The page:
Fire patterns of South Eastern Queensland in a global context: A review

Stewart, Philip Le C. F. and Moss, Patrick T. (2015). Fire patterns of South Eastern Queensland in a global context: A review. In: Robert E. Keane, Matt Jolly, Russell Parsons and Karin Riley, Proceedings of the Large Wildland Fires Conference. Large Wildland Fires Conference, Missoula, MT, United States, (227-236). 19-23 May 2014.

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Name Description MIMEType Size Downloads
Author Stewart, Philip Le C. F.
Moss, Patrick T.
Title of paper Fire patterns of South Eastern Queensland in a global context: A review
Conference name Large Wildland Fires Conference
Conference location Missoula, MT, United States
Conference dates 19-23 May 2014
Proceedings title Proceedings of the Large Wildland Fires Conference
Place of Publication Missoula, MT, United States
Publisher U.S. Department of Agriculture, Forest Service, Rocky Mountain Research Station
Publication Year 2015
Sub-type Fully published paper
Open Access Status Not Open Access
Editor Robert E. Keane
Matt Jolly
Russell Parsons
Karin Riley
Start page 227
End page 236
Total pages 10
Collection year 2017
Language eng
Abstract/Summary Fire is an important driver in ecosystem evolution, composition, structure and distribution, and is vital for maintaining ecosystems of the Great Sandy Region (GSR). Charcoal records for the area dating back over 40, 000 years provide evidence of the great changes in vegetation composition, distribution and abundance in the region over time as a result of fire. Fires have shaped landscapes and ecosystems, creating fire-dependencies and fire disturbance adapted flora and fauna with traits to survive fire, such as resprouting post-fire and serotiny of cones and fruit. However such traits are not necessarily only developed as a result of fire as a process of natural selection, other factors may play a role in such trait development within plants. Paleo-records and modern observations show a definitive link between fire and climate (temperature and precipitation), with an increase in fire with increasing temperatures. This has serious implications in a warmer world there will be an increase of wildfire risk. Of importance is the understanding of the interactions between multiple drivers of fire regimes from the past and present. This is critical for developing fire regime management protocols for the Great Sandy Region and other similar fire-prone regions into the future.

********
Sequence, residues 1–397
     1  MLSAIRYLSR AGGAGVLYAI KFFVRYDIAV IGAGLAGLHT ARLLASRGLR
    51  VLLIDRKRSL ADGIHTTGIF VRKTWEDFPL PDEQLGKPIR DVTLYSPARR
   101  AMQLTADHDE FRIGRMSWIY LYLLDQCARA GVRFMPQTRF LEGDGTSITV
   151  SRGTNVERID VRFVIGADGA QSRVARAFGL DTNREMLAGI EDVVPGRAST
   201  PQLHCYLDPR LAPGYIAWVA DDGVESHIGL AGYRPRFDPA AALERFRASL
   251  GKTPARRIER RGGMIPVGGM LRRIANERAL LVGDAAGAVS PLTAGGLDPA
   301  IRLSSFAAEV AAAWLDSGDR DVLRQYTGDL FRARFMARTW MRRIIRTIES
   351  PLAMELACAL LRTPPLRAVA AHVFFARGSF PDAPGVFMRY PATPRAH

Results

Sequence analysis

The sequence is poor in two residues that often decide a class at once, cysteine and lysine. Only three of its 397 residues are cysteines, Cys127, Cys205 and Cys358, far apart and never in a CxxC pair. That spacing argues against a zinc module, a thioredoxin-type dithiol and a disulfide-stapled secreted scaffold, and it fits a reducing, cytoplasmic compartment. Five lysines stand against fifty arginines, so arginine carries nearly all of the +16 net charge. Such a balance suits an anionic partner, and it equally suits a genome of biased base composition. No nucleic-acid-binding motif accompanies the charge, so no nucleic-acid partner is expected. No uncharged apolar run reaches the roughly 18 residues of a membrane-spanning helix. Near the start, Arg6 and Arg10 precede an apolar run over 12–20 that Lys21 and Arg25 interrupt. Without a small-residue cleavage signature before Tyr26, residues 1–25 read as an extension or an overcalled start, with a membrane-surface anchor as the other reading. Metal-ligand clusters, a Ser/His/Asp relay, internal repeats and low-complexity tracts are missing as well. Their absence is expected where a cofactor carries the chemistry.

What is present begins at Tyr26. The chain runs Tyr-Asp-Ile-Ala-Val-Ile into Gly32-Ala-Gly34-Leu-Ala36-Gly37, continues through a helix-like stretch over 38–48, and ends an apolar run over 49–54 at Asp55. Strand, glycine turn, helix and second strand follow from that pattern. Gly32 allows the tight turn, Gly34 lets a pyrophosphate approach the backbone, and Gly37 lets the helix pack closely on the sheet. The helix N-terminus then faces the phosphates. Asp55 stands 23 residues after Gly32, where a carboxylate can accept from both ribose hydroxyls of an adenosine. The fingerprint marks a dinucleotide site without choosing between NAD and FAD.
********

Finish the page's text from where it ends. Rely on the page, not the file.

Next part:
Keyword Fire regime
Vegetation Dynamics
Fire dependency
Q-Index Code EX
Q-Index Status Confirmed Code
Institutional Status UQ
Additional Notes This is the weblink to the proceddings Further publication details can be found here: [Assessment]: 22/02/16: EX. Item was not peer reviewed or peer review evidence not provided. - [/]

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Created: Tue, 09 Feb 2016, 10:37:03 EST by Genna Apted on behalf of School of Geography, Planning & Env Management